Mr Bayo Ademiluyi is a lawyer by profession and Head of Design at Ty-Tys. A company that produces hand-made distinctive neckwear (i.e. ties, bowties), pocket squares, laptop bags, ladies’ tote bags, wall hangings and scarves using traditional African fabrics, predominantly aso-oke.
My eaves dropped at dinner last night and I heard someone ask “Why buy Nigerian?” with the main bone of contention being the quality of made in Nigeria products.
If you ask me, (even if you don’t I’d still tell you anyway) the concern of quality particularly is a little bit played out. Nigerians are not only becoming more innovative; most are also paying supreme attention to detail and quality.
Indigo dye was the foundation of numerous textile traditions throughout West Africa. For centuries before the introduction of synthetic dyes the ability to transform everyday white cotton into prized deep blue cloth was a mysterious and highly valuable skill passed on by specialist dyers from generation to generation. From the Tuareg nomads of the Sahara to the grassland kingdoms of Cameroon, indigo cloth signified wealth, abundance and fertility.
I am so excited to introduce this amazing woman to you. She uses Nigerian Adire Indigo fabrics for interior decorations. I met her at a competition for entrepreneurs in 2014. Do you know how cool it is to meet people who are of like minds as you? I bet you don’t! This woman makes me proud to be an entrepreneur. Miss Celestina Utoro (founder of Catyna designs ) is so passionate about her work and she understands the word ‘synergy’.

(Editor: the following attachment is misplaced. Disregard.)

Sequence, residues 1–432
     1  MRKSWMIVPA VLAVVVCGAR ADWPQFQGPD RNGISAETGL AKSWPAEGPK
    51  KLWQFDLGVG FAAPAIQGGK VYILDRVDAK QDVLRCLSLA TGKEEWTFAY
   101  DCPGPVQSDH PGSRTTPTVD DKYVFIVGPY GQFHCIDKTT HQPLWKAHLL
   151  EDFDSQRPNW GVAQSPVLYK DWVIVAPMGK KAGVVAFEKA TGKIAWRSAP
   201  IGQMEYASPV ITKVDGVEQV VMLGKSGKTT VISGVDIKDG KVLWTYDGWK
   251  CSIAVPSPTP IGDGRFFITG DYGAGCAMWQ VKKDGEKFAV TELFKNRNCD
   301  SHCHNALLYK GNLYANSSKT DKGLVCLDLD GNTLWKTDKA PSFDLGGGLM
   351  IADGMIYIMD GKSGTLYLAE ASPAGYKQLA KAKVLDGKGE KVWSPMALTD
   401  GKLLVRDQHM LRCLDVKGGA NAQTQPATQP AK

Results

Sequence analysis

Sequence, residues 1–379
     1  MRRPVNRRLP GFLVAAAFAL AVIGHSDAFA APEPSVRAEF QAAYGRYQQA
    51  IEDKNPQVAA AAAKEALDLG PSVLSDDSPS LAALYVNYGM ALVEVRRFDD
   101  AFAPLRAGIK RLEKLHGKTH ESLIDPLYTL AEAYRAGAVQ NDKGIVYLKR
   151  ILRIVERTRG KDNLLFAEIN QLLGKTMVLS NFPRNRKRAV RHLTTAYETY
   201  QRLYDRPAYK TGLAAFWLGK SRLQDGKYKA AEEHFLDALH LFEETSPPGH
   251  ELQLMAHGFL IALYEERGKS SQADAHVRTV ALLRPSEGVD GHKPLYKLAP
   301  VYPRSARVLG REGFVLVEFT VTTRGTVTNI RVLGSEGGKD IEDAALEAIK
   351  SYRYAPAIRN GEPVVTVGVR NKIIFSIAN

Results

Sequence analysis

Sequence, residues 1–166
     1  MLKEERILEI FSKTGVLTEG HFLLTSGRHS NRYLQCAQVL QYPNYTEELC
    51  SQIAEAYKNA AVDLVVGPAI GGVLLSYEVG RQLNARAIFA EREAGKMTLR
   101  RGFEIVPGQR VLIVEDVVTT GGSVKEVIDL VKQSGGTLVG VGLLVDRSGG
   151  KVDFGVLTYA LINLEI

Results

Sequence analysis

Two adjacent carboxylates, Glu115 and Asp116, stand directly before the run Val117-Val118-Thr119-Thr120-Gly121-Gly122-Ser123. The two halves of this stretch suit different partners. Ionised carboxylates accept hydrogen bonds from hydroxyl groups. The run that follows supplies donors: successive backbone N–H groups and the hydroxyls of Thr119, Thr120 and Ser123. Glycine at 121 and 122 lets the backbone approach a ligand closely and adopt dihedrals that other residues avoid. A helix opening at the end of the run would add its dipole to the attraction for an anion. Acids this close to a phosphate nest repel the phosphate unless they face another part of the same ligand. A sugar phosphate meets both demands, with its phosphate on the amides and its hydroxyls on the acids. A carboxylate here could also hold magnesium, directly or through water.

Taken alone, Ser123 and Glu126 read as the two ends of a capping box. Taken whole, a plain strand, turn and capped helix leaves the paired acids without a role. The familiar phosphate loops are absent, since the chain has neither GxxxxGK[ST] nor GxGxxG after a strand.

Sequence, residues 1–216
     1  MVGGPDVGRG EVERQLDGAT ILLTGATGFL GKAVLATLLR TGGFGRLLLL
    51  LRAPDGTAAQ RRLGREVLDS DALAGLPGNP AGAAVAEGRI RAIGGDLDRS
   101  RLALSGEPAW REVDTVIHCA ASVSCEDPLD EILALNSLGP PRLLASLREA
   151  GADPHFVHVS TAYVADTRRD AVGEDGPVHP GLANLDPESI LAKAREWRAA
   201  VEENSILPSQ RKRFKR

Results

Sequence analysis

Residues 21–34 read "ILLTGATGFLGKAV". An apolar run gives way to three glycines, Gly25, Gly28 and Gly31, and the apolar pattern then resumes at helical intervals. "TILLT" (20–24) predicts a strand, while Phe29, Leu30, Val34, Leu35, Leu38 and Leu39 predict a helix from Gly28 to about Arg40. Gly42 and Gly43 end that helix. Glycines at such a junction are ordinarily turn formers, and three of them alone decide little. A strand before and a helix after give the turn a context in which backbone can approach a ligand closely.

African textiles are known for their hand-made quality, bright hues and distinct patterns that carries meaning with them. There are so many types of African textile that we tend to call ankara today, not knowing they are not ankara because they are made of different patterns. So here are some of African textiles.
Bellafricana is a marketplace where people around the world go to sell and buy unique Afrocentric and handmade goods. We are huge lovers of Afrocentric (made from Africa) and handmade products and services hence the reason we have created a platform to connect artisans, creatives, buyers, sellers and manufacturers.
The first time I was opportuned to meet Mr Bayo Ademiluyi (founder of Ty-tys) was at the Chevron (Afro-centric) bazaar. It was so random as one of the Bellafricana team had just posted an article about Ty-tys which caught my attention. Mr Ademiluyi is very jovial, down to earth and talented of course. I couldn’t help but interview him to hear the story of how Ty-tys came about.
Kuba cloth is a hand-woven cloth made from the fib of Raphia Vinifera palm leaves. Kuba people of the Congo first hand cut, and then weave the strips of leaf to make pieces of fabric, often called raffia cloth.
There are several different sub groups of the Kuba people. Each group has different and unique ways to make the fabric. Some make it thicker, longer, shorter, or with different patches. Each patch is symbolic and many times a piece has many different meanings.